To date, 32 states have an EV registration fee and 19 assess a fee on plug-in hybrid vehicles.
House Bill 1542, sponsored by Rep. Brandon Markosek, D-Monroeville, if passed by the General Assembly, would establish an Electric School Bus Grant Program administered by the state’s Department of Education.
The program would allow school districts to apply for grants to purchase electric school buses and to offset the costs of charging infrastructure – including installation and depot and facility upgrades.
The Pennsylvania Department of Environmental Protection is collaborating with stakeholders to develop strategies aimed at increasing EV adoption across the state.
The agency, along with PennDOT and the Drive Electric Pennsylvania Coalition, published a “Roadmap” containing information intended for use by government, business, academic, and community leaders in their decision making.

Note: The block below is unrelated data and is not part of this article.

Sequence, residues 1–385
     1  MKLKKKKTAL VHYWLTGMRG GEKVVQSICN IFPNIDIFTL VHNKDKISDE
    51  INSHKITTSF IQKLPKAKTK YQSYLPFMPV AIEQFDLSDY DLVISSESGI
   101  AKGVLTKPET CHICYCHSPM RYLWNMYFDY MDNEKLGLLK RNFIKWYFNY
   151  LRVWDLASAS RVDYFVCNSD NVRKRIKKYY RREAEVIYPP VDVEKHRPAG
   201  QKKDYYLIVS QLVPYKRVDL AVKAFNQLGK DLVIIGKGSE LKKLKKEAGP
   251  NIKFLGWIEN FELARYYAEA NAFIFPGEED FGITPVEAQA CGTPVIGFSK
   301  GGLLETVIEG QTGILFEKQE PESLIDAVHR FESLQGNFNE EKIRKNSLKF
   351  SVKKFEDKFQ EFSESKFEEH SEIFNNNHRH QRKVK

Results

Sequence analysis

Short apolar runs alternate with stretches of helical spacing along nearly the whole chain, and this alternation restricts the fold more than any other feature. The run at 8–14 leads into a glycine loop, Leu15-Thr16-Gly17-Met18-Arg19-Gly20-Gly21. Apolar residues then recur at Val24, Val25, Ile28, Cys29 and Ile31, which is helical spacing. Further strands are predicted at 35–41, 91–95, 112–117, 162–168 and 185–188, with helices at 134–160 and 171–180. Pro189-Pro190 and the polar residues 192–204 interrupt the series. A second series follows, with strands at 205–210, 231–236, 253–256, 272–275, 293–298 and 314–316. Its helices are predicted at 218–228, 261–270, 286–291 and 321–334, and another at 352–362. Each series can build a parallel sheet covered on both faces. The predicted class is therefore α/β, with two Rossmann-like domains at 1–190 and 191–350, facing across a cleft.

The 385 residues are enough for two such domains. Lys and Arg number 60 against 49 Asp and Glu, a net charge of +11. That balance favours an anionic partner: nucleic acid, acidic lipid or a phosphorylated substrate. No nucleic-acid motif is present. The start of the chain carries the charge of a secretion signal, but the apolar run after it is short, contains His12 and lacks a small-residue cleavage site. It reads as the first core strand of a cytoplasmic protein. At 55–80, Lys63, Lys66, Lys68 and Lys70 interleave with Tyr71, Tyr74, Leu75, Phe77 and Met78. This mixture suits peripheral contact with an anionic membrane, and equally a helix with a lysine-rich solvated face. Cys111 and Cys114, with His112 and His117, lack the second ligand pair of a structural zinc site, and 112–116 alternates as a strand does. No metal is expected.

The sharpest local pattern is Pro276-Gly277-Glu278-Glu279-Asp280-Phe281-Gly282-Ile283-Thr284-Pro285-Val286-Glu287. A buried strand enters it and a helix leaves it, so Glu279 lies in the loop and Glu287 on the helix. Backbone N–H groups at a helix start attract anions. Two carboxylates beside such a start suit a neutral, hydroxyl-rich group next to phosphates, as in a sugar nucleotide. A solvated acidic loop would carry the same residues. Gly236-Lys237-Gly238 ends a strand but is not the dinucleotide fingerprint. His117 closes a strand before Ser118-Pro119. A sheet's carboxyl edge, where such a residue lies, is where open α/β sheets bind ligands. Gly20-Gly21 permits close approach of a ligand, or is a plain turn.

Federal programs and incentives
As part of the National Electric Vehicle Infrastructure, or NEVI, grant program, PennDOT will distribute $171.5 million in federal funds for building out the public EV charging infrastructure over five years. PA NEVI program funds will be awarded on a competitive basis and requires proposers to provide a minimum 20% match.
The first round of funding was announced in March, with $25 million distributed in fiscal year 2022 and $37 million for fiscal year 2023.
Round one awards, in the amount of $34.8 million, resulted in the approval of 56 projects in 37 counties, the first of which is scheduled for completion in Pittson by 2024. Typically, according to PennDOT, projects take approximately 18-24 months to complete at an average cost of $650,000.
In November, PennDOT hosted six community engagement sessions for prospective contractors interested in applying for $22 million of Round 1A funding. Projects will focus on closing gaps along Pennsylvania’s 1,800 miles of previously designated Alternative Fuel Corridors.
Per federal guidance, sites must be no more than 50 miles apart and within one mile of an exit before moving outward with future projects. They will also be required to install Level 3, or DC fast chargers, with a minimum of four CCS charging ports.
PennDOT hopes to announce conditional awards in May, with environmental reviews and other steps to follow over the summer and fall.